Whilst planting trees and cultivating forests have long been championed in the battle to mitigate climate change, a growing body of research is pointing to the ocean for a fireproof alternative for sequestering carbon.
It turns out that seaweed, the fast-growing jungle algae of our oceans, is in fact the most effective natural way to absorb carbon from our atmosphere.
Quietly, it has been removing carbon dioxide from our atmosphere for more than 500 million years, sequestering up to 200 million metric tons of CO2 annually (that’s equivalent to the total emissions from New York State in a year!). Showing that our oceans are the most important carbon sinks on Earth.
Seaweed vs Trees
Unlike traditional tree planting, seaweed does not require any land, freshwater or fertiliser and grows at a much faster rate than trees, expanding up to two feet per day.
With the ocean occupying more than 70% of the space on our planet, this is extremely beneficial given 48 million km2 of the world’s oceans are suitable for seaweed cultivation – an area roughly six times larger than Australia.
Coastal ecosystems and marine plants such as mangroves and seaweed can even sequester up to 20x more carbon per acre than terrestrial forests.
Once this carbon is locked up as biomass it can either be harvested for use, or, when it dies it can be sunk to the bottom of the ocean and buried to effectively lock down its carbon, removing it from the carbon cycle.
Seaweed the Sustainable Food Source
There are also major benefits in tackling the emissions created from the agricultural sector. By introducing certain types of this cosmopolitan marine plant (e.g. red algae) to cattle feed, methane emissions (created through a cow’s digestion and its waste) can be dramatically reduced by more than 80%.
Seaweed can even be used as an agricultural soil supplement, replacing fossil-fuel based fertilisers when growing crops.
For humans, seaweed further acts as an eco-friendly and nutritious food source. A high nutrient ‘’superfood’’, rich in protein, iodine and other essential minerals required by the body to function.
Since it can be grown in many climates around the world, with minimal impact on the environment, seaweed is increasingly being recognised as a sustainable food source that could play a major role in global food security. The World Bank has estimated that an increase in production of 14% per year by 2050, could increase the world’s food supply by up to 10%.
Environmental Benefits of Seaweed
Seaweed not only sequesters large amounts of carbon but also helps to rehabilitate and protect its immediate environment. The ocean already absorbs around 40% of the carbon we produce into the atmosphere but this has resulted in wide-spread ocean acidification.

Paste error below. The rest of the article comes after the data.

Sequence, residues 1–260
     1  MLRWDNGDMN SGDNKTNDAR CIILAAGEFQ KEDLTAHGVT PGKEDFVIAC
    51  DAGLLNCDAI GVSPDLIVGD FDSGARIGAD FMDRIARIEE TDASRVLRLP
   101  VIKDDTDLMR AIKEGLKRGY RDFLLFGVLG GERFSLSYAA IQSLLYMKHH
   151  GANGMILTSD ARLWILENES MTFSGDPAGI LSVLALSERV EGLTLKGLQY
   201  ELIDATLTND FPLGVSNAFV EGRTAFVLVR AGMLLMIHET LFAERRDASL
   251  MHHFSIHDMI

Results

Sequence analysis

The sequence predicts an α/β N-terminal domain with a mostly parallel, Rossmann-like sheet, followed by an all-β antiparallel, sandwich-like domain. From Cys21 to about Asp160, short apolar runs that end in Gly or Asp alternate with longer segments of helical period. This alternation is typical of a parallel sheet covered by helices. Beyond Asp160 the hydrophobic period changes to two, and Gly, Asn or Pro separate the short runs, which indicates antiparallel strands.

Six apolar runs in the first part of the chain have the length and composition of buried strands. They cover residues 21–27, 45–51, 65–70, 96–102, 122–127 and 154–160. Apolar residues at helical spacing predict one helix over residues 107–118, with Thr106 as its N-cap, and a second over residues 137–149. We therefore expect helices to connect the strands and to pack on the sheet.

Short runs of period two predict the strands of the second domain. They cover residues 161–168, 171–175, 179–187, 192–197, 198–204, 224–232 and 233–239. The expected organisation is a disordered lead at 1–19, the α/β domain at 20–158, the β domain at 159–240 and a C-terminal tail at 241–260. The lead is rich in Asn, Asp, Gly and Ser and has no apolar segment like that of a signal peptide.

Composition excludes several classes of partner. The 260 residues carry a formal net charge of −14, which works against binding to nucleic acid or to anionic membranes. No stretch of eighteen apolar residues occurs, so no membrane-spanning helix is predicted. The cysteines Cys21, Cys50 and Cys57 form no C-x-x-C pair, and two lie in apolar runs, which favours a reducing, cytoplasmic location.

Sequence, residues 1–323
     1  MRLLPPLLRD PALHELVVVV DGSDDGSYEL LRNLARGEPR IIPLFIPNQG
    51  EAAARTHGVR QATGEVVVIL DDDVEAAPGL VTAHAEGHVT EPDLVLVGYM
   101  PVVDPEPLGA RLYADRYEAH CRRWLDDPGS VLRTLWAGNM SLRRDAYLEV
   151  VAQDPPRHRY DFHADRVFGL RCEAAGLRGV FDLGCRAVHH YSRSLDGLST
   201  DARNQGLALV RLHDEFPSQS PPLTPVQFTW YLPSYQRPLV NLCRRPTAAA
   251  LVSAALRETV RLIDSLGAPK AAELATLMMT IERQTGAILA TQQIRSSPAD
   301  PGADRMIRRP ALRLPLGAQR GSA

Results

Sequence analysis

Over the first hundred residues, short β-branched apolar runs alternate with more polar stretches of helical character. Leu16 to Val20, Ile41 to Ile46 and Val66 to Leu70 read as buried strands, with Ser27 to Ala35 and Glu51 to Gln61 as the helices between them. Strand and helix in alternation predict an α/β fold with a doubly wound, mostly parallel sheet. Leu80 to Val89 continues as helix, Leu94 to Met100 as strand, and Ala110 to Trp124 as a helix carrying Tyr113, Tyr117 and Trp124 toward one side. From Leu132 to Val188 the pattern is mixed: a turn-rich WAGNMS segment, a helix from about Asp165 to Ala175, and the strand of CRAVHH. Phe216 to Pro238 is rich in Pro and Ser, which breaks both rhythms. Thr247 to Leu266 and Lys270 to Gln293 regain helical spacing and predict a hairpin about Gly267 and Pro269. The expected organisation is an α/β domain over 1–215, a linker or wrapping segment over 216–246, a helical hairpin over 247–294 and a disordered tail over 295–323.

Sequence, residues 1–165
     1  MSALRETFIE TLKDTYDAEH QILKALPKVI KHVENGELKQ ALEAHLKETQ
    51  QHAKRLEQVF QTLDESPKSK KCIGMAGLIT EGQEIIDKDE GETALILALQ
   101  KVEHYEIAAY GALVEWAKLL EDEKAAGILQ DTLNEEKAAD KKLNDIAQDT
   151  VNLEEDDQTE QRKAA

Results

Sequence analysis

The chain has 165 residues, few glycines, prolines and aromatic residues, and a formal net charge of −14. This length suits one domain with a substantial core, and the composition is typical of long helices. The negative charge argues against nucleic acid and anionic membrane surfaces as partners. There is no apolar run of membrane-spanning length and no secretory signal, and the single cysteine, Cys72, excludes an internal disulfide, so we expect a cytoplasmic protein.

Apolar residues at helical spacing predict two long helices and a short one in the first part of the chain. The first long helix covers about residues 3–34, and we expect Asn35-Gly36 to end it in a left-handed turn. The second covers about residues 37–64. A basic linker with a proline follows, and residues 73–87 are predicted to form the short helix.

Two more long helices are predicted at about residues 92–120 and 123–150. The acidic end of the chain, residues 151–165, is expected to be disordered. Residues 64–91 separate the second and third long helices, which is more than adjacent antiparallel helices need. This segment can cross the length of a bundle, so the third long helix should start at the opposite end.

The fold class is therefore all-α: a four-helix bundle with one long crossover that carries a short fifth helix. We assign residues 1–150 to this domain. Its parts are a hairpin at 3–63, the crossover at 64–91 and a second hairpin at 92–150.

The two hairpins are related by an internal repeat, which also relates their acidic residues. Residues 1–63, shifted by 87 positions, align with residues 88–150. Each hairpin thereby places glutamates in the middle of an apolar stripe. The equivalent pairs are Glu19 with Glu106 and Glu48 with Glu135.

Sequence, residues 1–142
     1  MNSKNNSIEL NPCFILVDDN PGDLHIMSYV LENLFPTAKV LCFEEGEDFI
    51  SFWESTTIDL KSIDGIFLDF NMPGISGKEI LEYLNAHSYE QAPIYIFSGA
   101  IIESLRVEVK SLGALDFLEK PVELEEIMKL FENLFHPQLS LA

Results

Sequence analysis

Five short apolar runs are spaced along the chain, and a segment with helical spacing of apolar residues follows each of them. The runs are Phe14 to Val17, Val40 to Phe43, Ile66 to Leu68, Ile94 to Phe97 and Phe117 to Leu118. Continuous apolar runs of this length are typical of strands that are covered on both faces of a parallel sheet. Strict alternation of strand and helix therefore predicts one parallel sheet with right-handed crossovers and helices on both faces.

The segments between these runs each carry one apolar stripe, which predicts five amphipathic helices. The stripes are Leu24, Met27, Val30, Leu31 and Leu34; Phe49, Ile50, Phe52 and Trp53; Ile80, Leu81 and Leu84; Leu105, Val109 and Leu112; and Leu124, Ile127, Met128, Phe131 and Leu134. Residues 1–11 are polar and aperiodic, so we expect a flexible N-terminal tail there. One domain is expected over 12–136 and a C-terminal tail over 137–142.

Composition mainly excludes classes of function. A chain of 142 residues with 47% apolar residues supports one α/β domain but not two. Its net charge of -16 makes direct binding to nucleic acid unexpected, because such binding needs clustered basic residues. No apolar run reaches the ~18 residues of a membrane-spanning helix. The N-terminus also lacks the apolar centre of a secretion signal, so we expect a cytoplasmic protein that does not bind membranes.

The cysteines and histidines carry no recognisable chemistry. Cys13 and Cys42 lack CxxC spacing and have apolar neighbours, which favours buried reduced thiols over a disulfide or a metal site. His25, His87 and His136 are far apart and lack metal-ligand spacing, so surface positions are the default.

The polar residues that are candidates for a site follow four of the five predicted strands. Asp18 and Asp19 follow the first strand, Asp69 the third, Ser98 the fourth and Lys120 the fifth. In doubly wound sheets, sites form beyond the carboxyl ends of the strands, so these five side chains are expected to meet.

By absorbing C02 and supplying oxygen to the surrounding water, seaweed decreases the effects of ocean acidification whilst helping protect our coastlines from erosion by reducing the speed and size of waves that reach the shore.
Large underwater forests, such as the kelp forests of California, provide safe ecosystems for many fish, bird, and marine mammal species to thrive within. Not only do they offer adequate food resource but additional protection from predators.
Grey whales for example are known to shelter their young in kelp forests from larger killer whales.
Beyond its environmental and sustainability credentials, seaweed has a great number of commercial uses due to being cheap, easy to harvest and readily accessible. Seaweed extracts are already being used in everyday items, including foods (e.g. ice cream), cosmetics (e.g. beauty products), pharmaceuticals and traditional medicines.
Many are exploring it as an effective, biodegradable replacement to plastic packaging. It is said that just 0.03% of the brown seaweed in the world could replace all polyethylene terephthalate (PET) plastic bottles used every year!
These are just a small set of examples that showcase its multifunctionality as well as its huge potential to push further a global sustainability agenda.
The role seaweed will play in limiting the impacts of climate change is just one piece of a much larger puzzle, but there is a clear opportunity for integration into our aquaculture sector to support mitigation efforts.
At present large-scale seaweed farming outside of Asia is still in its infancy but with a range of applications beyond carbon storage, it is clearly a promising ally in the quest to prevent climate catastrophe.